| Results|| |
The cohort consisted of 44 patients, 37 males and 7 females, with a mean age of 46. Site of primary disease was tongue in 91% (n = 40) and buccal mucosa in 9% (n = 4) [Table 1]. Final histopathology revealed occult nodal disease in 29.5% (n = 13) patients. Sensitivity, specificity, NPV, and PPV of SNB procedure was 76%, 100%, 91%, and 100%, respectively. No unsuccessful procedures were recorded. A total of 179 sentinel nodes were harvested, with a mean of 4.06 per patient. PL and SPECT/CT revealed hotspots in the ipsilateral neck in 95% (n= 42) and in contra lateral neck additionally in 9% (n=4). PL revealed 75 hotspots with a mean of 1.70 per patient, and SPECT/CT revealed 92 hotspots with a mean of 2.09 per patient. Additional hotpots were identified in 14 patients on SPECT/CT, which included 4 patients, where PL did not detect any sentinel nodes. SPECT/CT identified 23 hotspots in ipsilateral IB, 24 in level II, 25 in level III, and 16 in level IV (all ipsilateral) [Table 2]. Contra-lateral hotspots were identified on planar and SPECT/CT, two in level IB and two in level IV. In two patients, where both PL and SPECT were negative, the sentinel node was identified in one patient only by the gamma probe, and in the other patient, no sentinel node could be identified intra-operatively. Based on the final histo-pathological results, the detection rate by PL, SPECT/CT, and gamma probe guidance was 93%, 95%, and 97%, respectively.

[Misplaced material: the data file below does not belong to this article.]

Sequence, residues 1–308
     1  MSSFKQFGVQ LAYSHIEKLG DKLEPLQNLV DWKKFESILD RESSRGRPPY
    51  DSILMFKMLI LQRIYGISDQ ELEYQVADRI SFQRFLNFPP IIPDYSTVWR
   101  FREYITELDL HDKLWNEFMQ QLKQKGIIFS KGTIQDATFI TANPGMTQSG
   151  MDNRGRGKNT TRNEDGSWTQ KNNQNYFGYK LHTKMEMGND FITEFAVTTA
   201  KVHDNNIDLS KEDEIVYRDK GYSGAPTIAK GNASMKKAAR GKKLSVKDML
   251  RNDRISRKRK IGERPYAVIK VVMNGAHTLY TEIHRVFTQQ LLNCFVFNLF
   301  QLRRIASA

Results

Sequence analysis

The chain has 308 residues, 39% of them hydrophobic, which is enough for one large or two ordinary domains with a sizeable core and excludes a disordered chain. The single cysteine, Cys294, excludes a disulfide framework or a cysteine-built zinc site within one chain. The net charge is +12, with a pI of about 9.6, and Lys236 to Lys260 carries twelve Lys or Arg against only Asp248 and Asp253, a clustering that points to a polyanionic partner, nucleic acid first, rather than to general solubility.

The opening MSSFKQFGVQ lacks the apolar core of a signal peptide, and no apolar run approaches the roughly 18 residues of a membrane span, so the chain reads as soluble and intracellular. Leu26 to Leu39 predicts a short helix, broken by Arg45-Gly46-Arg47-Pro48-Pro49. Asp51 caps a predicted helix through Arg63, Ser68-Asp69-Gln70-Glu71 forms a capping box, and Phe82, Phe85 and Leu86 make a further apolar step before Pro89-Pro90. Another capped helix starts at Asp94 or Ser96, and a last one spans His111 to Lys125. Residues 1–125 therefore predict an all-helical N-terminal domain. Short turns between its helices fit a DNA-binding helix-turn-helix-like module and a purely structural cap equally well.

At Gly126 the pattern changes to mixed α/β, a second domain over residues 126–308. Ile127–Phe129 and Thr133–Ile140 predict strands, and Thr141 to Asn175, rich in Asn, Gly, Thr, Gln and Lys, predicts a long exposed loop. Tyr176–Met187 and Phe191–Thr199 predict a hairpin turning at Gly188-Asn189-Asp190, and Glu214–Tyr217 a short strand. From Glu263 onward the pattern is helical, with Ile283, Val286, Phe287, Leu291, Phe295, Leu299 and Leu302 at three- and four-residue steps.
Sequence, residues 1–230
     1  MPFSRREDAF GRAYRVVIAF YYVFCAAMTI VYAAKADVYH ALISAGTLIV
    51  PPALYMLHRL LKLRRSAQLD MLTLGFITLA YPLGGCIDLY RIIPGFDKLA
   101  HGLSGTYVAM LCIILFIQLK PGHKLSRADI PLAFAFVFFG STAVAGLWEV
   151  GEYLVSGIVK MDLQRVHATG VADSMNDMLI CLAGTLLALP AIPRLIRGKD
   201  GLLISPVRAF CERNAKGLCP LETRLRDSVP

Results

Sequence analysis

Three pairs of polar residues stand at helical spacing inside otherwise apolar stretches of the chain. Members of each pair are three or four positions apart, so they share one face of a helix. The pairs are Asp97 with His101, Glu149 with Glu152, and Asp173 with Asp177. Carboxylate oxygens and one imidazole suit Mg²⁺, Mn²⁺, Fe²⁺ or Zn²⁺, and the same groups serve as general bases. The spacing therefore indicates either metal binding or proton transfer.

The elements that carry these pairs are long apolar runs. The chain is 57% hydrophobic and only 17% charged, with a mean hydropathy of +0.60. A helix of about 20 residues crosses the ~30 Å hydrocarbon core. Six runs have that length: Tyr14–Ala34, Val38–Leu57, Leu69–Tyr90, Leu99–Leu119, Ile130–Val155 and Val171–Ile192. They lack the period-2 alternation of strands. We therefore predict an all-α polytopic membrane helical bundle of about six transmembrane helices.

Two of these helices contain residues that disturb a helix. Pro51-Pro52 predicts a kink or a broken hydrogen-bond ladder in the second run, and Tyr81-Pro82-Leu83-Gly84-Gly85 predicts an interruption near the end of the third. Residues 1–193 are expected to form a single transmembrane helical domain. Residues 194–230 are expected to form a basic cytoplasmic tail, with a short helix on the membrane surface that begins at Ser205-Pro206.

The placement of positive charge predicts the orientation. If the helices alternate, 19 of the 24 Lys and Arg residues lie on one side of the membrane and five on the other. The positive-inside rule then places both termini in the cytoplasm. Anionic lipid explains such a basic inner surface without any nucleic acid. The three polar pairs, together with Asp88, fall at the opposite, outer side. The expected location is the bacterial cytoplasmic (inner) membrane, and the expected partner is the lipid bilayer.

| Discussion|| |
The purpose of an additional SPECT/CT over PL in SNB is to (1) identify nodes closer to the injection site, (2) identify nodes that are small or below the spatial resolution of the PL, (3) identify any contra-lateral drainage that are not identified on PL, and (4) to precisely identify the anatomical level of sentinel nodes, which might aid the surgical procedure. The value of SPECT/CT over PL was assessed in a large prospective multicentre study in carcinoma breast, pelvic malignancies, and melanoma. The results of this study showed that SPECT/CT detected more sentinel nodes and lead to surgical adjustments in a considerable number of patients.
Multiple studies have been done to explore this clinical utility of pre-operative SPECT/CT lymphoscintigraphy in sentinel node biopsies for oral cancers. In 2006, Khafif et al. evaluated the additional benefit of SPECT over PL in 20 patients with T1-T4 oral cavity SCC. The sensitivity of SNB for detection of nodal metastases was 87.5%. SPECT improved SN identification/localization in about 30% of the patients. In the same year, Bilde et al. compared SPECT with PL in 33 patients who underwent SNB and showed that SPECT/CT identified extra sentinel nodes compared to the PL in about 47% of patients. In 2009, a larger study was done by Haerle et al. in 58 patients with T1-T2 OSCC with a mean follow-up of 21 months. Although both SPECT/CT and PL identified the same median number of hotspots (two hotspots per patient), additional sentinel nodes were identified in about 18% of patients and in one patient, SPECT/CT identified sentinel nodes that were missed by PL. The authors acknowledged that both SPECT and PL had lower sensitivity in detection of level I nodes that were closed to injection sites. The authors concluded that adding SPECT/CT to PL alone should be routinely recommended as it detects more number of SLN, improves topographical orientation with surrounding structures, and reduces surgical time. Recently, sub-analysis of the SENT study done to assess the impact of image acquisition techniques for pre-operative lymphoscinitigraphy revealed that best results were obtained with a combination of dynamic scans and SPECT/CT.